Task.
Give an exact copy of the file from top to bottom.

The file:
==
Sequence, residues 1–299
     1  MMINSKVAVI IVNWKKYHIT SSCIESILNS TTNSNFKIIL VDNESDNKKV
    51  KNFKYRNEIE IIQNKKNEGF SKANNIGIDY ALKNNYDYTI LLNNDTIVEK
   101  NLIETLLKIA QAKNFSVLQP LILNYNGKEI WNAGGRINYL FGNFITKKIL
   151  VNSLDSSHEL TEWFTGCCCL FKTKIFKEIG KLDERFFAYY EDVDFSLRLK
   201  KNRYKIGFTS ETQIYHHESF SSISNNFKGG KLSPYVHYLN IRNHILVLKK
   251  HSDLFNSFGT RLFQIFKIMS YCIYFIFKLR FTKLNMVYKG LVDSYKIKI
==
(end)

Sequence, residues 1–299
     1  MMINSKVAVI IVNWKKYHIT SSCIESILNS TTNSNFKIIL VDNESDNKKV
    51  KNFKYRNEIE IIQNKKNEGF SKANNIGIDY ALKNNYDYTI LLNNDTIVEK
   101  NLIETLLKIA QAKNFSVLQP LILNYNGKEI WNAGGRINYL FGNFITKKIL
   151  VNSLDSSHEL TEWFTGCCCL FKTKIFKEIG KLDERFFAYY EDVDFSLRLK
   201  KNRYKIGFTS ETQIYHHESF SSISNNFKGG KLSPYVHYLN IRNHILVLKK
   251  HSDLFNSFGT RLFQIFKIMS YCIYFIFKLR FTKLNMVYKG LVDSYKIKI